Heretofore two general sorts of tank-attaching means have been devisedone in which the tank seated on the underframe between longitudinally and laterally retaining devices is prevented by straps i'rom being thrown from its seat and the other in which the tank is secured by rivets or the like. In accordance with the present invention the middle of the tank is secured to the underframe by rivets, and the ends are held down between laterally-retaining devices by means which allow the tank to expand longitudinally. Devices at the ends of the tank to prevent or restrain longitudinal movement of the tank are unnecessary, since the riveting of the tank to the underframe at the middle, prevents such motion. I

Tank-cars are sometimes filled with'oil when this is hot; also, they are sometimes filled with steam for cleaning, and in either case the tank would become hotter than the underframe, and severe stresses on the rivets. might be caused by the unequal expansion of the tank and underframe, respectively. By allowing the tank to expand longitudinally such stresses are lessened or avoided.

For securing the middle of the tank by rivets it is best to use plates which are secured to the tank and the longitudinal sills by separate sets of rivets. For restraining the lateral motion of the tank it is best to use curved plates or saddles under the tank ends in connection with straps which pass over the tank and are suitably anchored below-as, for example, in, lugs on the curved plates or saddles.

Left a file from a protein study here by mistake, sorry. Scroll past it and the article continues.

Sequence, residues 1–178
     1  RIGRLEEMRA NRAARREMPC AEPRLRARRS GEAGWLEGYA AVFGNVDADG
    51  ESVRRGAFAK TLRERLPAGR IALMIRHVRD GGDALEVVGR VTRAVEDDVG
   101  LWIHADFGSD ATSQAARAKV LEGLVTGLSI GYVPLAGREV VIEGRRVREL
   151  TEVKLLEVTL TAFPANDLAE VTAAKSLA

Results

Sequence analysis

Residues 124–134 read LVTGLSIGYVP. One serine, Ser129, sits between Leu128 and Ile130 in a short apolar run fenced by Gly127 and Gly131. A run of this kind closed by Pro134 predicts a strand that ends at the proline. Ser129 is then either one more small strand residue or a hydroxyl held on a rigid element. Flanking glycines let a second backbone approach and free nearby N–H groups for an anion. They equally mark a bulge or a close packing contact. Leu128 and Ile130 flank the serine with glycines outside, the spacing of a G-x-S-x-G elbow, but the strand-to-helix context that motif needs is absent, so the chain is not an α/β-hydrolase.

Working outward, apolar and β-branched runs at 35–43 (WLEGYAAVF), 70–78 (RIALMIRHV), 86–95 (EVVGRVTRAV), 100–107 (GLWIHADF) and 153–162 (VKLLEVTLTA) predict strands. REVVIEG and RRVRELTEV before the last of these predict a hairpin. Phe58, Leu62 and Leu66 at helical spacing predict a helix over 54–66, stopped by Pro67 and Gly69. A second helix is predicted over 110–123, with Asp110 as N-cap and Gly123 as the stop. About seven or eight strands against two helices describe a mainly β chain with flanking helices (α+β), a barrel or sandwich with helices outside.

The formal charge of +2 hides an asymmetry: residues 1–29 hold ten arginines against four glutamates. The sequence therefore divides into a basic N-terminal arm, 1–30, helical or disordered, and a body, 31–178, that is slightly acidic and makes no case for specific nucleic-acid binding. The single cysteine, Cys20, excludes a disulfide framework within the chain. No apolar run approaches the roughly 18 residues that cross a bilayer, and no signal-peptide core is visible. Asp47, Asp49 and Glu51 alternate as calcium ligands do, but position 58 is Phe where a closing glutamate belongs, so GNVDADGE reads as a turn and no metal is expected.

It is an advantage and special improvement to apply one or more patches over the area of fastening inside the tank where it is riveted to the underframe, so that leakage in such area. or even the tearing out of a portion of the same would not cause the tank to leak.

The invention also comprises other parts, improvements,or combinations, ashereinafter set forth.

The accompanyingdrawings illustrate what is considered the best'mode of carrying the invention into effect, it being understood that modifications can be made indefinitely within the domain of the invention so long as the substance of any one or more of the hereinafter-written claims is taken.

Figure 1 is a view, half in horizonal section and half in plan,of the new or improved under frame for a railroad tank-car. the tank and the wheeled trucks being omitted. Fig. 2 is a view of said underframe with a portion of the tank in transverse section on line A A of Fig. 1 looking in the direction of the arrow. Fig. 3 is a view, half in transverse vertical section on line B B of Fig. 1 and half in end "iew, of the underframe, the tank, as well as the wheeled trucks, being omitted; and Fig. 4 is a view, half in longitudinal vertical sectional and half in side view, of a tan k-car in accordance with the invention.